2 October 2011

Attributing success to youth and beauty:

A gendered description


Recently, an attractive, blonde, 27-year old politician received significantly more personal votes in the Danish election than the new Danish prime minister. In reporting on this politician's success, the pre-eminent adjectives used by journalists were, "young" and "beautiful". [So much for the Politics – let's just focus on looks, eh?]

At any point during the reading of the preceding paragraph did you picture the politician in question as male? I suspect your answer is 'no'. And you would be correct: this popular politician is Johanne Schmidt-Nielsen. She has dismissed this focus on her appearance as a strategy used by the opposition to explain away the success of her party. The critical question is, would the same strategy be used if a young, attractive male had been the one to achieve this personal political success? I doubt it. When women are successful in a traditionally and stereotypically male domain (like politics), there are many ways in which other people try to take the credit of their success away from their skills, abilities and intellect.

This use of stereotypes to make judgements about people is very common. Social psychological research shows that people expect individuals in certain roles to fit 'the profile' (i.e., stereotype) for that role. I am very often "mistaken" for a student as I make my way across the university campus on which I teach, or when I attend conferences. As far as I am aware, this does not happen with the same frequency to my male counterparts. The most common response I get when people realise their mistake is, "You should be flattered!" When Schmidt-Nielsen represented her party in a televised election debate in 2007, the leader of the Conservative party asked her for coffee, thinking she was a production assistant. So, should Schmidt-Nielsen be flattered that people attribute her success to her looks? No! This is not flattering: it is the biased application of a gendered stereotype that distracts from the targets' hard work. Psychologists have known about this phenomenon for years, but the message has yet to reach a more general audience. Let's start now by saying, "Good on ya, Johanne."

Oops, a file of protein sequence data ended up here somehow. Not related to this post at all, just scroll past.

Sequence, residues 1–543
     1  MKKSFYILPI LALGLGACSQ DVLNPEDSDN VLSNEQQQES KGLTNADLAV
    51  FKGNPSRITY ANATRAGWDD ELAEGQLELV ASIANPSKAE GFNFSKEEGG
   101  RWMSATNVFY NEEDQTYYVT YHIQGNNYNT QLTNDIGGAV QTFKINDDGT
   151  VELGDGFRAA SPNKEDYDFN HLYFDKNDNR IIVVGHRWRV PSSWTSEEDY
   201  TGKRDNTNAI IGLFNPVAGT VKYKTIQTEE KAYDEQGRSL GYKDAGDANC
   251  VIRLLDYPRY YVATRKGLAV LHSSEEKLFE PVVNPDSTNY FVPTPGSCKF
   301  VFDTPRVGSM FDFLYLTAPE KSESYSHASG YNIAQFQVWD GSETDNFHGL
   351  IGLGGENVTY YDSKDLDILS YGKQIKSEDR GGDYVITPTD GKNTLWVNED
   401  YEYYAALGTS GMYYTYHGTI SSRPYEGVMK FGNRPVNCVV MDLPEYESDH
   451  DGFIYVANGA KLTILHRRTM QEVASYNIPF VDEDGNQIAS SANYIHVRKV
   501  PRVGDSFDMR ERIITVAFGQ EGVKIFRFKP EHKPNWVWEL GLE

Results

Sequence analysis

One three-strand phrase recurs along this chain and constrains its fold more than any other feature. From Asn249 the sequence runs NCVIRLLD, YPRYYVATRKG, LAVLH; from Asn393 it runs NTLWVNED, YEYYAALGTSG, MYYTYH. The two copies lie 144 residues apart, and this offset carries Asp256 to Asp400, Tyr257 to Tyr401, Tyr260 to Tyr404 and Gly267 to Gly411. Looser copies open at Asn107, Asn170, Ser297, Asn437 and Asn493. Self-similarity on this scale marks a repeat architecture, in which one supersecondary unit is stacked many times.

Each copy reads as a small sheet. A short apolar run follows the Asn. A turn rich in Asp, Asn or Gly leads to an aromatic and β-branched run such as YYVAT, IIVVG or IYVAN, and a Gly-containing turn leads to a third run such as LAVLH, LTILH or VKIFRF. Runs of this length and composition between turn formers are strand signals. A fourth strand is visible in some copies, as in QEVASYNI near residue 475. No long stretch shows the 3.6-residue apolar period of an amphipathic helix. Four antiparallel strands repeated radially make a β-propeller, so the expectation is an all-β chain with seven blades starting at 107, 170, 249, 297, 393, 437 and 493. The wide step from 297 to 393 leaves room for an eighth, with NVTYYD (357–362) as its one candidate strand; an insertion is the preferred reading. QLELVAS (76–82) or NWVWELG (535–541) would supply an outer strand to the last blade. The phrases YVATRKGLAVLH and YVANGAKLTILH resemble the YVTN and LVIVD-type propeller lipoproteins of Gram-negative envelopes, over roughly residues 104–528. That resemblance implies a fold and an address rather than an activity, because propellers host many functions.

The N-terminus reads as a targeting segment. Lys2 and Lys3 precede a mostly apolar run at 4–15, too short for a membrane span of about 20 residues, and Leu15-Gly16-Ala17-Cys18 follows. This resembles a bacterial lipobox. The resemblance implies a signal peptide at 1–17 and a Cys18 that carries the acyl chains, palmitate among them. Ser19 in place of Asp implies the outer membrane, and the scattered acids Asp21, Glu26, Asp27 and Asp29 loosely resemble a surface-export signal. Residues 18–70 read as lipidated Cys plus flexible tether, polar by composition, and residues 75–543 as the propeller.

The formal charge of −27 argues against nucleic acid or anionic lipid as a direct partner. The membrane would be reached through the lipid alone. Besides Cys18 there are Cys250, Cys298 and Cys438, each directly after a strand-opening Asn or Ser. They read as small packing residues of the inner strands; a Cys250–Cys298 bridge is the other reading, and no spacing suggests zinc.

Oh, and incidentally, Denmark's youngest minister, 26 year old Thor Möger Pedersen is decribed as a "big political talent" and "top strategist". No mention of his rugged good looks, then? http://politiken.dk/politik/ECE1410714/sf-udpeger-danmarks-yngste-minister/